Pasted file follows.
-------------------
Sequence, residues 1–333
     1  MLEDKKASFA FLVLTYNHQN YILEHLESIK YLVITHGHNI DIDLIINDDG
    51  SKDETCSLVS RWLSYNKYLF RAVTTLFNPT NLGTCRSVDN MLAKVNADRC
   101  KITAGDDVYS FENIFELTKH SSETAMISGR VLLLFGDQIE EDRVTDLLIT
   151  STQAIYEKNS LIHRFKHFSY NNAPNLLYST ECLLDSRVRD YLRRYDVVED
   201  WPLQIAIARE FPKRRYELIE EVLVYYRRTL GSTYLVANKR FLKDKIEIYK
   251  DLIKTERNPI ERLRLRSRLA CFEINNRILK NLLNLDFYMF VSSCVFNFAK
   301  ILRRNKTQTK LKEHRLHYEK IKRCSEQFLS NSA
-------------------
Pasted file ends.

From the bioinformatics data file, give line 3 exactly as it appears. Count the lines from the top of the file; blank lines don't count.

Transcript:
    51  SKDETCSLVS RWLSYNKYLF RAVTTLFNPT NLGTCRSVDN MLAKVNADRC